In addition to shifting focus from history to temporality and the past, the book examines how and if slavery functions as the most extreme feature of a system of domination that informs and delimits the possibility for west- ern subjects to be well, to be free of the toxicity of racism. It proposes that our inability—or unwillingness—to “get over” slavery emerges in relationship to contemporary philosophical debates about whether slavery serves as the distinguishing feature of Black social life. To even begin to consider slavery as a feature of western domination rather than a singular manifestation of it dangerously rubs against the grain of some of the most important works in Black studies, including Hortense Spillers’s “Mama’s Baby, Papa’s Maybe.” Yet by considering how twenty-first-century manifestations of anti-Black violence, dehumanization, disposability, and social death emerge in relationship to pasts and presents, our contributors ask how the late twentieth-century orientation to understanding the impact of transatlantic slavery informs and opens an understanding of our current conjuncture. In other words, the book does not seek to diminish the irrecoverable impact of slavery.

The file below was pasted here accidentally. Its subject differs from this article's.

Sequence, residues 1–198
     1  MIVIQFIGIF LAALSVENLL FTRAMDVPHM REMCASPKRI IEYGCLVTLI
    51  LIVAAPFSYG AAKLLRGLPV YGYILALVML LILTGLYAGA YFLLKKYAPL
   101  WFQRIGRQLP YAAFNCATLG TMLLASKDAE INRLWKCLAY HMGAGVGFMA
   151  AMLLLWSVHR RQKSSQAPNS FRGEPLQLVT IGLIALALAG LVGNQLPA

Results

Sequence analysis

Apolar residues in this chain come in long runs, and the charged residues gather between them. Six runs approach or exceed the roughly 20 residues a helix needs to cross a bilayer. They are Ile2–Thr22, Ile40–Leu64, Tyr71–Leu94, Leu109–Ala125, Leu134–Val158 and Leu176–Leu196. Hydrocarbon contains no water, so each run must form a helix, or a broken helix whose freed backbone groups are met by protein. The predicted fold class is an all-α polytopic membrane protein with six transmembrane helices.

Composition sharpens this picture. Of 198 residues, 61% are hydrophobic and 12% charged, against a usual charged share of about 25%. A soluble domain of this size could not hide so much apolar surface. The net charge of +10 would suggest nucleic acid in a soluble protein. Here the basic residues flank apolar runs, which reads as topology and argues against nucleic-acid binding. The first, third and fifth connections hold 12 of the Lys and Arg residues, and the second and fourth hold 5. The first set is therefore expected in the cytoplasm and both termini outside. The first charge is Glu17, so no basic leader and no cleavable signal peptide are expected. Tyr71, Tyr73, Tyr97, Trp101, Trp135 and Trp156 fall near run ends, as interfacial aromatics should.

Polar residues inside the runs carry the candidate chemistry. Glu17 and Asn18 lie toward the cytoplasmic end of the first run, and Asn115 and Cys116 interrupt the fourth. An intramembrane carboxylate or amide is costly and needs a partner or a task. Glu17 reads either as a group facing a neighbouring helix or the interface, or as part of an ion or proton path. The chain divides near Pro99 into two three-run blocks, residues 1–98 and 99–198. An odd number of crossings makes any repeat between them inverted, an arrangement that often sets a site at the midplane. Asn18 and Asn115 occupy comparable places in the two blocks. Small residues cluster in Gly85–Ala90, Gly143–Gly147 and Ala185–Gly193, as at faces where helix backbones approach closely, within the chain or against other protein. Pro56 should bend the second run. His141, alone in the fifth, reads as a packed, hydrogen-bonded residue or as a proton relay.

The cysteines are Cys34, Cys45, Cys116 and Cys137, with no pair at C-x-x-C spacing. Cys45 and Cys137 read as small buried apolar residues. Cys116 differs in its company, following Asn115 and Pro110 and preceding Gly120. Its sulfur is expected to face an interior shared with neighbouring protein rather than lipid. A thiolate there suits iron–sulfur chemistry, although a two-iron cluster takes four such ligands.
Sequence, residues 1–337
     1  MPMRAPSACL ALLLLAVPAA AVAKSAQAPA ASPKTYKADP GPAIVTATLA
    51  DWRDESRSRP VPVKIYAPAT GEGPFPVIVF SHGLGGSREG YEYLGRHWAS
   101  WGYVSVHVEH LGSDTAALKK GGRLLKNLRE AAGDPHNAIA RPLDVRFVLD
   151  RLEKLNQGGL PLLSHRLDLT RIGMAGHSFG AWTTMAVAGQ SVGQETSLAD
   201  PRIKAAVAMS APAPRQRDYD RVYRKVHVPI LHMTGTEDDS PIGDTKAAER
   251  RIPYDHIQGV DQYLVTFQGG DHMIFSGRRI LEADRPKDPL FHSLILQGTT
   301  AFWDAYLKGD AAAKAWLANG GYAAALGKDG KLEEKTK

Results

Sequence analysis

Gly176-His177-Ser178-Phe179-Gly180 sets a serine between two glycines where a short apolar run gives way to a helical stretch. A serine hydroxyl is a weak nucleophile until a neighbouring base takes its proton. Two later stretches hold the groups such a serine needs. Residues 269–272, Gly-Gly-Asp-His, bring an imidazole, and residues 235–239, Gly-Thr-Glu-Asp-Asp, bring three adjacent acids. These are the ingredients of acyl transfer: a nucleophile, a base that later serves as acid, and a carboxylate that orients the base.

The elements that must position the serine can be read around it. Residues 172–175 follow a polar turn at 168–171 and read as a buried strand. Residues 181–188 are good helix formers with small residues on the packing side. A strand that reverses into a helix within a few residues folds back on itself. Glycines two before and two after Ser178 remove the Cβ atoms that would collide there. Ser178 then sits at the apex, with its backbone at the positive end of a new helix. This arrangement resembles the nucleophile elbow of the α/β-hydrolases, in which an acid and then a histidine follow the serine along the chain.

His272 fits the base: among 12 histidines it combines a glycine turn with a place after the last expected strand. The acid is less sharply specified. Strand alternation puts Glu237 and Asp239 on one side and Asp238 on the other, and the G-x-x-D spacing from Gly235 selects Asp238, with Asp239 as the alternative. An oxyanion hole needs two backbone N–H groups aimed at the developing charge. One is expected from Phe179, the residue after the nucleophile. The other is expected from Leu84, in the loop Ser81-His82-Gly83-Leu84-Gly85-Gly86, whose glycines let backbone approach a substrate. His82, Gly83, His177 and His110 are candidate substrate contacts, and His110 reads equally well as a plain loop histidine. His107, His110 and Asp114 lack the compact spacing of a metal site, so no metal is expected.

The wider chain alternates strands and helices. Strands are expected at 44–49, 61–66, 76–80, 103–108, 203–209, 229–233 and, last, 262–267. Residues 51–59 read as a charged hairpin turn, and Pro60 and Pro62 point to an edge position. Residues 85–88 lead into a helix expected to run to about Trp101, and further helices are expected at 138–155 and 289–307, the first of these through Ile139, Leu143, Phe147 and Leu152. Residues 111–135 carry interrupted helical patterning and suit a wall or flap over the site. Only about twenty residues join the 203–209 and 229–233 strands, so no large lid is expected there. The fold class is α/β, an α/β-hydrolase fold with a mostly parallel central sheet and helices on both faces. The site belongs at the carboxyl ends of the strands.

The Psychic Hold of Slavery asks, What desires, investments, or identarian logics account for our inability—or unwillingness—to get over slavery? The inquiry into the relationship between slavery and anti-Black domination in general examines how the primary psychic rubric of loss becomes a discursive device that animates contemporary relationships with slavery as a traumatic historical object. To better understand how the primary loss associated with slavery manifests cultural production and criticism in the twenty-first century, the book takes up poetics, film, drama, the novel, and the cartoon. The compulsion to get over slavery also informs aesthetic practices that negotiate the possibility, or lack thereof, to represent slavery.
Soyica Diggs Colbert is the Interim Dean of Georgetown College at Georgetown University, where she is also the Idol Family Professor of African American Studies and Performing Arts.
Robert J. Patterson is a professor of African American Studies and served as the inaugural chair of the Department of African American Studies at Georgetown University (2016-2019).
Aida Levy-Hussen is Associate Professor of English at the University of Michigan.